Alberta ranchers argue courts must decide whether rescinding coal mine policy was fair
Government argues elected officials had right to scrap policy without public consultation
The lawyer for two Alberta ranchers seeking a judicial review of the province's decision to rescind a nearly 45-year-old policy limiting coal mining in the eastern slopes says his clients should have been consulted before the decision was made in the spring of 2020.
Richard Harrison says ending the government's coal policy, which was used by government and Alberta's energy regulator since 1976 as a guiding principle for the resource's development, should have triggered the province's duty to consult with key stakeholders, including landowners, municipalities and First Nations.
"It was a significant protection that for 44 years was afforded to my clients," said the lawyer, referring to ranchers Mac Blades and John Smith.
"The removal of that protection in the manner that the respondents [the Alberta government] decided to remove it, with no consultation, not even a phone call, does not do my clients justice," he said.
Harrison said the 1976 policy was put in place following four years of "heavy consultation" and hundreds of public submissions.
"And then to rescind it on the Friday of May long weekend in the middle of a global pandemic."
"This is not a matter that can be swept under the rug of high policy, and disregarded and ignored by this court," said Harrison.
Energy Minister Sonya Savage quietly announced the policy change on May 15, 2020.
"When they exercise their discretion, they need to do so in a fair, procedural manner," Harrison told Court of Queen's Bench Justice Richard Neufeld.
The two-day virtual court hearing is being held to decide on an application by the province to dismiss the ranchers' request for a judicial review of Savage's decision to rescind the coal policy.
Unpopular, but not unlawful
A lawyer for the Alberta government told the hearing Tuesday that the decision to scrap the policy was a "core, high level policy decision," and one that is "immune from this court review."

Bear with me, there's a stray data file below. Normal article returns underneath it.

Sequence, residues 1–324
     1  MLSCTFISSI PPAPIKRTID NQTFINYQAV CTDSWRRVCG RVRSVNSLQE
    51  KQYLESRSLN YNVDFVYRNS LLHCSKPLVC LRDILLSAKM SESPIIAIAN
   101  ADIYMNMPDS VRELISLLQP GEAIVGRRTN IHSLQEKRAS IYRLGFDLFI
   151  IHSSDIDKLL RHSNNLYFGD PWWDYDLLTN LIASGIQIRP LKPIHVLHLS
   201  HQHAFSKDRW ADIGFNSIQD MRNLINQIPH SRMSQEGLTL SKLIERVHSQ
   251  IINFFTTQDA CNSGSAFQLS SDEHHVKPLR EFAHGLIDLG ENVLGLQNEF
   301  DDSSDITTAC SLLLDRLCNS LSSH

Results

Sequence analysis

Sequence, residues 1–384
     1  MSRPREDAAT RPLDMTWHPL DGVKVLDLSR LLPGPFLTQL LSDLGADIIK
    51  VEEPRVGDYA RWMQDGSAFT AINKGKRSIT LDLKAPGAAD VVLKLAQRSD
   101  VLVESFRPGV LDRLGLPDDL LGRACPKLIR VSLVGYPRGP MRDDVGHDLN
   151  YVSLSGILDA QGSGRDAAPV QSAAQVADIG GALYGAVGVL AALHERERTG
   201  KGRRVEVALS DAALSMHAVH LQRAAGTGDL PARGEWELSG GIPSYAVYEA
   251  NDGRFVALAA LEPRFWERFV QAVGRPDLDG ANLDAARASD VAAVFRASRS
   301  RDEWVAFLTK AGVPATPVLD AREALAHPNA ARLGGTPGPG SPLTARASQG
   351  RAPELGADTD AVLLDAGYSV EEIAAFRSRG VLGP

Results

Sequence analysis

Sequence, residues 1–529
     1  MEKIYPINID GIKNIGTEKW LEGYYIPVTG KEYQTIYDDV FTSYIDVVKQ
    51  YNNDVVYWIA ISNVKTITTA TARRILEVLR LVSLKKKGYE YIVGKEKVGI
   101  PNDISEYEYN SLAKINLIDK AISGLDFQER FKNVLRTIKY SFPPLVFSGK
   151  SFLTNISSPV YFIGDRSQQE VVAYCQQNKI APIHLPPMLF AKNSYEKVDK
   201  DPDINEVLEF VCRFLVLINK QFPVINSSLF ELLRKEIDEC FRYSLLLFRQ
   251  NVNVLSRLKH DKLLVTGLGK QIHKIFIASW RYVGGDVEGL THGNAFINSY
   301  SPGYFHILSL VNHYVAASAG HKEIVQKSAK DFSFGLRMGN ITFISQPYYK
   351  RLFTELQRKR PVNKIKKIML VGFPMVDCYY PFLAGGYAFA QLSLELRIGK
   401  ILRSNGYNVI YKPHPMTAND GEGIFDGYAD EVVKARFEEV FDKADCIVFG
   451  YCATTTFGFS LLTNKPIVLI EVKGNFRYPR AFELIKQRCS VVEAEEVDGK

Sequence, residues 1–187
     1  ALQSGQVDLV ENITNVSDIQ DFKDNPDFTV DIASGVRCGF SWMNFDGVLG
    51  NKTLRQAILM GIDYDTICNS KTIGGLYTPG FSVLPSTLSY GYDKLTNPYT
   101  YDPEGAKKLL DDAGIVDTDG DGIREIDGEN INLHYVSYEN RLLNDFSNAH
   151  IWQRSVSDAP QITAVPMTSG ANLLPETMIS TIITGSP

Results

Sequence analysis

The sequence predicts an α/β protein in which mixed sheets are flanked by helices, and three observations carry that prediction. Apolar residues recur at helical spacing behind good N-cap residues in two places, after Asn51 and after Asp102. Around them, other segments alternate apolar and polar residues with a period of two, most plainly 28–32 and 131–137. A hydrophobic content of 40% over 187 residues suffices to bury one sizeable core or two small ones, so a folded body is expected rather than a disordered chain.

Melissa Burkett said that while the decision may be unpopular for some Albertans, it's not unlawful.
She said the court should not be turned into a political arena to decide such matters.
The 1976 policy offered protections for certain lands along the eastern slopes of the Rocky Mountains against open-pit and strip coal mining.
Harrison admitted the policy was not a complete barrier to coal development on his clients' leased grazing land, but he instead agreed with an earlier characterization that described it as a "yellow light" for regulators who consider development applications in the so-called Category 2 lands.
The policy described Category 2 lands to have "areas of high environmental sensitivity, in which neither exploration or development activities will be permitted," said Harrison, who read from a section of the policy, which stated that underground mining or in-situ operations "may be permitted in areas within this category."
"It is still a policy that outlines very specifically that open-pit coal mining in Category 2 lands is to be discouraged," he said.
Exploration permits issued
Since the policy was rescinded in March 2020, the government has approved permits for coal exploration in an area covering hundreds of thousands of hectares along the area that forms the headwaters for several rivers that provide water for municipalities, industry and agriculture uses.
Harrison says Australian-based Atrum Coal is one of the licence holders that is proposing an open-pit coal mine in his clients' "backyard." It's a development that he said would have a profound effect on his clients' ability to graze their cattle and earn a living.
He said a conveyor belt for the open-pit mine would be located near the confluence of the Oldman and Livingstone rivers, near his clients' properties and grazing lands.
Burkett told the court Tuesday the policy was obsolete because a robust, regulatory framework now exists for Alberta's energy regulator to consider applications for coal development.
If the province's application for a dismissal fails, the actual judicial review would go ahead at some point in the future.
Justice Neufeld said Wednesday afternoon that he will need some time to make a decision, so the case has been adjourned — likely until the spring.
"I understand that this is a matter of public and private concern and we want to make sure that as we proceed, we're doing so in a thoughtful way," he said.
Several groups are seeking intervenor status to join the ranchers seeking a judicial review: the M.D. of Ranchland, the Bearspaw, Siksika, Kainai and Whitefish First Nations, the Canadian Parks and Wilderness Society, the Alberta Hiking Association, the Alberta Backcountry Hunters and Anglers Association, the Alberta Wilderness Association and the Livingstone Landowners Group.
Two coal companies, Atrum and Cabin Ridge Ltd., are also seeking intervenor status.
The lawyer for Atrum told the hearing that the Australian company would be seeking a "remedy" should a potential judicial review overturn the government's decision to rescind the coal policy.
Cabin Ridge Ltd., which has secured leasehold rights to begin exploration work in the area, is the other company seeking intervenor status.
"We seek to put forward some perspective, in terms of what the project proponents' legitimate expectations are, in terms of the rescission of that coal policy," said Keith Marlowe, a lawyer for Cabin Ridge.
Bryan Labby is an enterprise reporter with CBC Calgary. If you have a good story idea or tip, you can reach him at firstname.lastname@example.org or on Twitter at @CBCBryan.